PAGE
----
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Sunday, September 16, 2012

What is the difference between a will and a trust?

Below is a link to an article that I authored regarding the "Differences between a will and a trust" that was published in the local Menifee Buzz newspaper.

Check it out here:

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Tuesday, September 4, 2012

Menifee Buzz

Menifee Buzz is a local newspaper with the obvious Menifee focus. The paper is highly recommended and has a great "legal" writer (I'm clearly biased).

http://www.menifeebuzz.com/index.php?option=com_content&view=article&id=610:scams--if-its-too-good-to-be-truewell-you-know&catid=36:general&Itemid=149




Scams - If it is too good to be true...well you know!

I was planning to write an article covering the topic of conservatorships, however, an issue was brought to my attention this month that is of a more pressing nature. This month alone approximately ten clients have been the attempted victims of a scam. Luckily, none became actual victims. So, let me use this opportunity to discuss a few of the common scams that are running rampant as of today.

First- We all know about the “lottery scam” where a party, company, whoever tells you won a lottery. A lottery that is, that you never entered. That fact seems to elude most people. In order to claim the “prize” you must send money ahead of time (either for taxes, processing fees, etc). Well, you see where this is going. I suppose the first thing we must remember never (I mean never) send money via Western Union without personally knowing the recipient.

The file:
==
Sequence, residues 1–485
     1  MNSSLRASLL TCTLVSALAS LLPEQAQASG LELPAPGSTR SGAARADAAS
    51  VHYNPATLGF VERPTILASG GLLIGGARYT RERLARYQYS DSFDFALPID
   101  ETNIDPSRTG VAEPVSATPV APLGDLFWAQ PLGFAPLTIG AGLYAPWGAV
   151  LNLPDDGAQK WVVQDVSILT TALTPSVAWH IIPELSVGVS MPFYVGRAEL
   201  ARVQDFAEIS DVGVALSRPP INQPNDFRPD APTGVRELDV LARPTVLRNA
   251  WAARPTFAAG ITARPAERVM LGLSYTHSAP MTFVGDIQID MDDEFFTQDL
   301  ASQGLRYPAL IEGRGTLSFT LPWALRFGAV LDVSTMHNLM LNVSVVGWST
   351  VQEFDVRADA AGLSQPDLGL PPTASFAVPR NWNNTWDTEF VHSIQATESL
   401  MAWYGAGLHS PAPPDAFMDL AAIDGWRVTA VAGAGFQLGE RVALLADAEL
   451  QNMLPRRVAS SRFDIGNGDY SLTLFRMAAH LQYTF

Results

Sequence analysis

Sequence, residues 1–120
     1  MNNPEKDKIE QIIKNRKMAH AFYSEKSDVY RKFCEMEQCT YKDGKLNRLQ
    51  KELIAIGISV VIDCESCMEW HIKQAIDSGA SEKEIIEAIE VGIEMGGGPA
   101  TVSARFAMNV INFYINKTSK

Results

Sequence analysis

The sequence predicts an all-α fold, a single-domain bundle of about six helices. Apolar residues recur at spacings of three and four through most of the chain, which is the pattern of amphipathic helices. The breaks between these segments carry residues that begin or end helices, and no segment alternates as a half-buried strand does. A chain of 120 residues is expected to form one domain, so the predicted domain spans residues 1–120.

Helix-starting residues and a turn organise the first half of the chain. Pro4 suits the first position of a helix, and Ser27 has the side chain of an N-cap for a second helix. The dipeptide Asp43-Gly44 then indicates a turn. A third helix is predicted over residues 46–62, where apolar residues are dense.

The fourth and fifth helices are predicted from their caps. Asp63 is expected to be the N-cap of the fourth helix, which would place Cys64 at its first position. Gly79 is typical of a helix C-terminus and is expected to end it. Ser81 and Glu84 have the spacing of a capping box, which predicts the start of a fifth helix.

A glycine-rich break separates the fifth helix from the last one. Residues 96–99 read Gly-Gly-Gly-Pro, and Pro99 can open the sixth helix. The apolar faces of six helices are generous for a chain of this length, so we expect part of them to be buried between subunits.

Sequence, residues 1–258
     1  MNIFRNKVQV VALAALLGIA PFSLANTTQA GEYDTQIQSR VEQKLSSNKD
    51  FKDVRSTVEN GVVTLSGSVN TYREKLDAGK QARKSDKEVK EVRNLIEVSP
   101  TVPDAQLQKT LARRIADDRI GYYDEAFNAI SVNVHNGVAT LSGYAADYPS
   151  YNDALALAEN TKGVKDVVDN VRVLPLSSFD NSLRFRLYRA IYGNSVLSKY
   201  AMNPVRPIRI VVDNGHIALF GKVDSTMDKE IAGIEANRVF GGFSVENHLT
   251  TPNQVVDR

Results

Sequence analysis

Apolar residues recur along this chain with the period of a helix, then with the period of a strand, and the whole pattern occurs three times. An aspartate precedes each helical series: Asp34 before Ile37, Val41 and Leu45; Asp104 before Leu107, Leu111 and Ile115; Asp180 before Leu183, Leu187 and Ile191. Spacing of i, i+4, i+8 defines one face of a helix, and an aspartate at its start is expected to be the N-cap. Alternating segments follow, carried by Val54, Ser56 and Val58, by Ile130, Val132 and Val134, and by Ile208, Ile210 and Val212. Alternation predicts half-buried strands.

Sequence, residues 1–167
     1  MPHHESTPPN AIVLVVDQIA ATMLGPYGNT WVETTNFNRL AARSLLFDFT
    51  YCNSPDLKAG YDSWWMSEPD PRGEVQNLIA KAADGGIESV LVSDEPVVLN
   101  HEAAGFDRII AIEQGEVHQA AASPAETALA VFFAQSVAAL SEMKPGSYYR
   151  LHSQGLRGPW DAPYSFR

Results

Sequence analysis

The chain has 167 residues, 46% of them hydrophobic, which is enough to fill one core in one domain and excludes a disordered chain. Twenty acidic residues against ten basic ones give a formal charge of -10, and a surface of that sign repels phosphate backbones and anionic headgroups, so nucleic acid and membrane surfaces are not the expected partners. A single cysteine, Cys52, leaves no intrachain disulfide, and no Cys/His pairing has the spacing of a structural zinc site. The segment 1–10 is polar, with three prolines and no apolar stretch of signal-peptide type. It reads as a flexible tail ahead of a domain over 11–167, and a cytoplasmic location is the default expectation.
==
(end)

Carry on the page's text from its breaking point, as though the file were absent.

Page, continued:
Second- This scam is fairly new and prevalent in our area. Scammers will often try to take advantage of the increased vulnerability of senior citizens who have recently lost a loved one. In one recent example, scammers would find targets by scouring the obituaries. They would then call the widow or widower and claim that their spouse had outstanding debts that needed to be paid immediately. Victims would then be persuaded to provide a blank check or credit card. Never fall victim to this scam. The reason probate was created was to protect creditors.

Third- This one is not per se illegal but still doesn’t pass the “smell test”. In this case, a very official letter arrives in the mail telling you that you “must send money in order to receive a certified copy of your deed” and that you must have a copy of your deeds in order to prove legal title. The letter I reviewed last month requested nearly $200.00 for this “service”. Please, understand that the reason the county recorder is around is to maintain the official property records of the county (among other things). In fact, if you would like a copy of your deed all you have to do is request one from the Recorder for a cost of less than $20.00.

No one is immune from scammers. In fact, as I type this article I am looking at a “certified cashiers” check that arrived in the mail from the Caribbean for a substantial sum for a client my office never represented. All “they” want in return is a large amount of personal information….so, if the check clears this may by my last article.

If you receive something in the mail, or a deal seems too good to be true, it probably is. When in doubt, have an adult child, a family friend, or a professional review any offer before signing. For more information regarding scams please visit www.raxterlaw.com/scams Good luck.

Do not be a victim, knowledge is power.

http://www.menifeebuzz.com/index.php?option=com_content&view=article&id=610:scams--if-its-too-good-to-be-truewell-you-know&catid=36:general&Itemid=149